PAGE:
Journal of Urology & Nephrology

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Research Article

Evaluation of the Nutritional Status of Chronic Haemodialysis Patients at Nouakchott National Hospital (Mauritania): Prevalence and Risk Factors for Undernutrition

Lemrabott AT1*, Faye M1*, Mah SM2, Lemrabott M2,Kane Y3, Soumaré AS1, Faye Mo1, Moussa TondiZM4, HAMAT I5, Guillaum MA5, Cissé MM1, Diouf B1 and Fary Ka EH1

1Department of Nephrology, Aristide Le Dantec University Hospital, Senegal
2Department of Nephrology, Nouakchott National Hospital Center,Mauritania
3Internal Medicine and Nephrology, Assane Seck University, Senegal
4Department of Nephrology and Haemodialysis, Faculty of Sciencesand Health of the AdbouMoumouni University of Niamey, Niger
5Department of Nephrology and Haemodialysis, Chad
*Address for Correspondence: Lemrabott AT, Department of Nephrology, Aristide Le Dantec University Hospital 30, avenue Pasteur, BP: 3001, Dakar, Senegal, Tel: 00221338216773; E-mail:
Submission: 3 September, 2019; Accepted: 19 September, 2019; Published: 26 September, 2019
Copyright: © 2019 Lemrabott AT, et al. This is an open access article distributed under the Creative Commons Attribution License, which permits unrestricted use, distribution, and reproduction in any medium, provided the original work is properly cited.


Introduction: Protein-Energy Undernutrition (PEU) is common in chronic haemodialysis patients and is an important contributor to morbidity and mortality. However, limited data are available on the prevalence of PEU in the dialysis population of Africa. The objectives of this study were to evaluate the nutritional profile of chronic haemodialysis patients in Nouakchott (Mauritania) to determine the prevalence of undernutrition in this population and to identify predictive factors.
Patients and methods: This descriptive, analytical, cross-sectional study was conducted from 12 January to 8 September 2015, and involved patients on haemodialysis who regularly attended the haemodialysis unit (at least 3 months) of the Nouakchott Hospital Center. The Subjective Global Assessment (SGA) according to Detsky was used to assess the nutritional status of patients. We also collected epidemiological, dialytical, clinical and anthropometric data
Results: Sixty-nine chronic haemodialysis patients were included. The mean age was 45.9 ± 14.08 years, and the sex ratio was 0.97. The mean duration of haemodialysis was 27 months and 20 days. Anorexia was found in 59.4% of cases, and the mean Body Mass Index (BMI) was 24.38 ± 3.74 kg/m2. The average Branchial Circumference (CB) was 22.91 ± 3.6 cm. Patients showed mean albumin and haemoglobin levels of 38.69 g/L (range 19.2-48.4 g/L) and 8.3 ± 0.9 g/dL, respectively, and biological inflammatory syndrome was found in 16.17% of patients. The prevalence of malnutrition was 36.2%, which was classified as moderate in 20.3% of cases and severe in 15.9% of cases. Malnutrition was found to be correlated with a low socioeconomic status, anorexia, poor dental status, low BMI, hypophosphatemia, hypocholesterolemia, high C-reactive protein CRP and hypoprotidaemia.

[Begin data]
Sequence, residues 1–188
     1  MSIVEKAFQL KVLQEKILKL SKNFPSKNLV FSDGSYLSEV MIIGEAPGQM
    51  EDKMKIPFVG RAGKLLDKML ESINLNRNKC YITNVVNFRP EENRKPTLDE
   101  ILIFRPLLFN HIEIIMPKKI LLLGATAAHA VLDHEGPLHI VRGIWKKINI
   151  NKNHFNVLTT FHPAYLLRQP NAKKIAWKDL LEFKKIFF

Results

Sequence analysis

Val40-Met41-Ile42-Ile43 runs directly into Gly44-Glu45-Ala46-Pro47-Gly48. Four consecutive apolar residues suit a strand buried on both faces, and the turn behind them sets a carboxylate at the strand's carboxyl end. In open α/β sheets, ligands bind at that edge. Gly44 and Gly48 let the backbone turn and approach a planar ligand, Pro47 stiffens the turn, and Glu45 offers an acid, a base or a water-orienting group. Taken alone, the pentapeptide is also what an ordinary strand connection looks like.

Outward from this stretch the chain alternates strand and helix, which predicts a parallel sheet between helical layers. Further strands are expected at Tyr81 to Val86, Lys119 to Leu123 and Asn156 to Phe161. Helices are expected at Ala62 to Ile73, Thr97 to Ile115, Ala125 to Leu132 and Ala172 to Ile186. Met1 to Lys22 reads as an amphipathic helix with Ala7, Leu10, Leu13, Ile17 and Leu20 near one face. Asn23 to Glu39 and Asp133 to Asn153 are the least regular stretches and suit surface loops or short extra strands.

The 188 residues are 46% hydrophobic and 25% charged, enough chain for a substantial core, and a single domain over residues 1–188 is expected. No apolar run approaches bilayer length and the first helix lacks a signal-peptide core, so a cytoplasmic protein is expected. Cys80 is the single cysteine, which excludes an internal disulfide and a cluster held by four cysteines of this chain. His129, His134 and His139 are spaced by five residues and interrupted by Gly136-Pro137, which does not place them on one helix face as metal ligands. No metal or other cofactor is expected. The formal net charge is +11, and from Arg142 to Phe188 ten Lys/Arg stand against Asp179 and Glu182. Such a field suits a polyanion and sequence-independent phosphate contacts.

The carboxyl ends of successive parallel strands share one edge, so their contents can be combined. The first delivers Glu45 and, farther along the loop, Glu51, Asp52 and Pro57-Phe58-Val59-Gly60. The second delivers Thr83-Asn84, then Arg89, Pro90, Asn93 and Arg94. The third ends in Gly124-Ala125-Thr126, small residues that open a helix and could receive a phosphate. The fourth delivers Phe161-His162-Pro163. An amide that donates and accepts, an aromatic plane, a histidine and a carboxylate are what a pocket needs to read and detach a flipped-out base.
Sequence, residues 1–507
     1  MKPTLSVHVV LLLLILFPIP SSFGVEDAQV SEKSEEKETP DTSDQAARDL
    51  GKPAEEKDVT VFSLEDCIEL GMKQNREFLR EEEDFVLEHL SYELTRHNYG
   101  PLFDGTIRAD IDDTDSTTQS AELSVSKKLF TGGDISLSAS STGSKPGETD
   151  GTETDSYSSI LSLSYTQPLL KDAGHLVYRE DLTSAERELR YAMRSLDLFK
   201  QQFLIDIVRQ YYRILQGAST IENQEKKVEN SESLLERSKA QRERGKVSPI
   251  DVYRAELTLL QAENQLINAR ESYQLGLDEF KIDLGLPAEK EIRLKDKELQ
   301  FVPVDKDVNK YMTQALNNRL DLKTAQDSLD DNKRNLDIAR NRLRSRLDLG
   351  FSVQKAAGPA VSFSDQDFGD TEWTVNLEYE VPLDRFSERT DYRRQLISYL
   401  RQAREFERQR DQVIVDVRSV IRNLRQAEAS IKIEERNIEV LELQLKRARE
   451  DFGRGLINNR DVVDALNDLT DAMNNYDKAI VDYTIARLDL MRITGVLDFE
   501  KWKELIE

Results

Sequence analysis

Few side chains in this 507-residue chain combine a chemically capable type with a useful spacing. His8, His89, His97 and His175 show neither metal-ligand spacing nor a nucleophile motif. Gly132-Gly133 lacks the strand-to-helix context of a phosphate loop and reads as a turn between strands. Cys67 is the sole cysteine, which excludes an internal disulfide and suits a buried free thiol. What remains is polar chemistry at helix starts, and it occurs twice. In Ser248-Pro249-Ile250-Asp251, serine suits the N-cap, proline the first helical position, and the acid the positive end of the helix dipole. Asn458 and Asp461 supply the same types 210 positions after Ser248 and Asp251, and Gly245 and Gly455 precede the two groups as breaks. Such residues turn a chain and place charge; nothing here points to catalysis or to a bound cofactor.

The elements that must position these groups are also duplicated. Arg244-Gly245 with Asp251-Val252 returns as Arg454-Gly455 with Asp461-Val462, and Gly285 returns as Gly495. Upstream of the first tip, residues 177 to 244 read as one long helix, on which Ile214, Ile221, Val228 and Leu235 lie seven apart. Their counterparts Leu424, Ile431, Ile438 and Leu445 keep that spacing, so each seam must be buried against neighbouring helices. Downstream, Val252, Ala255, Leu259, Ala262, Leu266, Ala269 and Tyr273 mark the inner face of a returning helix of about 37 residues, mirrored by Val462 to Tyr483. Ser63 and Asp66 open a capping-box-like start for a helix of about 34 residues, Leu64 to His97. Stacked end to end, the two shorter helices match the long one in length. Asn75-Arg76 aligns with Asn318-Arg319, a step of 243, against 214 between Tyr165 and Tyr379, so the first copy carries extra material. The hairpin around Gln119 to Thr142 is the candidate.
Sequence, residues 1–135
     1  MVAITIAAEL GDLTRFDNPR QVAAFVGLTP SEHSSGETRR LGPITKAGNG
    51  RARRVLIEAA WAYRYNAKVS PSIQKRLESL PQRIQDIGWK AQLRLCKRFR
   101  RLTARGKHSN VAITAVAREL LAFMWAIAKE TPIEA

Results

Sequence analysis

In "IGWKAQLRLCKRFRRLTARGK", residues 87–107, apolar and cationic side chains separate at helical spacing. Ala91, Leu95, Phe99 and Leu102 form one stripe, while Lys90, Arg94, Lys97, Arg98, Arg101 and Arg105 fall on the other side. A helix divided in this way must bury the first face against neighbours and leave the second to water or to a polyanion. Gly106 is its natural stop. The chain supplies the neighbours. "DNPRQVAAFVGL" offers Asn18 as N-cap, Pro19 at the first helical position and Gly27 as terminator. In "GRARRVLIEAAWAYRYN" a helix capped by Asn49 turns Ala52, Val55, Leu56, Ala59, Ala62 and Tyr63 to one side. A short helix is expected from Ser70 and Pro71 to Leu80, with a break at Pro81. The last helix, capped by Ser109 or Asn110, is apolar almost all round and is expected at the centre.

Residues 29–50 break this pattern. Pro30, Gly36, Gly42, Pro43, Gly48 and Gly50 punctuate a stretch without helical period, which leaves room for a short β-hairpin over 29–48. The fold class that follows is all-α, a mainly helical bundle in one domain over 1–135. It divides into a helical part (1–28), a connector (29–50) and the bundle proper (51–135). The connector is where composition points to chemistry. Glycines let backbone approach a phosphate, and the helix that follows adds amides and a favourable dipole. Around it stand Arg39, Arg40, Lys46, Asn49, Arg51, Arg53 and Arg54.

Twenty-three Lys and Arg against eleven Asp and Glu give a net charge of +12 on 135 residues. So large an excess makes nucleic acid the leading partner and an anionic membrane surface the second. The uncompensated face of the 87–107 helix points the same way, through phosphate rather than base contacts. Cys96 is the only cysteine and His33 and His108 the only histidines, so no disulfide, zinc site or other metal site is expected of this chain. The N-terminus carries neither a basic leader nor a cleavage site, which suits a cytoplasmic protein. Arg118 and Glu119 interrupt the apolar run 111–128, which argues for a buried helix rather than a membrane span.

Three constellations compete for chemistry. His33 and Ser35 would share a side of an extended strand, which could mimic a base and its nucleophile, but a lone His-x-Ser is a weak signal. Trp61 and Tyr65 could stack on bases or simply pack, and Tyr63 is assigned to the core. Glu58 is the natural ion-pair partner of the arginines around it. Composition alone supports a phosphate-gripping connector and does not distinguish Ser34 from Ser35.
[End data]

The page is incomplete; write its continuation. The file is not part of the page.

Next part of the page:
Conclusion: The prevention of undernutrition through dietary interventions must be at the heart of management for chronic haemodialysis patients.


Protein-Energy Undernutrition (PEU) results from an imbalance between the contributions and requirements of the body, leading to involuntary tissue loss with deleterious functional consequences [1]. This complication is common among chronic haemodialysis patients. Despite advances in dialysis techniques, the prevalence of PEU in this population remains high. It is estimated that 20-50% of chronic haemodialysis patients suffer from PEU[2,3]. Despite regular dialysis, nutritional imbalances are often reported due to inflammation, infections, metabolic acidosis, gastro paresis in diabetic patients and oxidative stress related to uraemia and can also be influenced by the dialysis technique [1]. These factors may cause additional complications and represent sources of morbidity and mortality in dialysis patients.
Nutritional evaluation in chronic dialysis patients is especially challenging due to changes in hydration and protein and carbohydrate metabolism secondary to renal failure. Thus, comparison of certain parameters with the general population is not possible [4].
In Africa, limited data are available on PEU in the dialysis population, and no previous studies have been conducted in Mauritania. Thus, this study had the following objectives: to determine the prevalence of undernutrition in this population, to evaluate their nutritional profile, and to identify predictors of undernutrition.

Patients and Methods

This descriptive, analytical, cross-sectional study was conducted in the haemodialysis unit of the Nouakchott Hospital Center (Mauritania) from January 12 to September 8, 2015. Included were patients who had been on haemodialysis for more than 3months. The exclusion criteria were the refusal of patients to participate or severe infection or surgery in the past 30 days.